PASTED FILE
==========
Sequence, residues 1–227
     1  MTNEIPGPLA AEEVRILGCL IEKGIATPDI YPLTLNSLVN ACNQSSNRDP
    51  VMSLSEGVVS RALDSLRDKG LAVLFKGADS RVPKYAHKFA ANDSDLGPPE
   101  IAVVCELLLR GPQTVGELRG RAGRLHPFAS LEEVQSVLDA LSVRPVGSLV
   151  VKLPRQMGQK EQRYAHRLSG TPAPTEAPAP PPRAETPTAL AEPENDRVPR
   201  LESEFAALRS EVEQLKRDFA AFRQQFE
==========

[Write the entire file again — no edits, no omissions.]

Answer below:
Sequence, residues 1–227
     1  MTNEIPGPLA AEEVRILGCL IEKGIATPDI YPLTLNSLVN ACNQSSNRDP
    51  VMSLSEGVVS RALDSLRDKG LAVLFKGADS RVPKYAHKFA ANDSDLGPPE
   101  IAVVCELLLR GPQTVGELRG RAGRLHPFAS LEEVQSVLDA LSVRPVGSLV
   151  VKLPRQMGQK EQRYAHRLSG TPAPTEAPAP PPRAETPTAL AEPENDRVPR
   201  LESEFAALRS EVEQLKRDFA AFRQQFE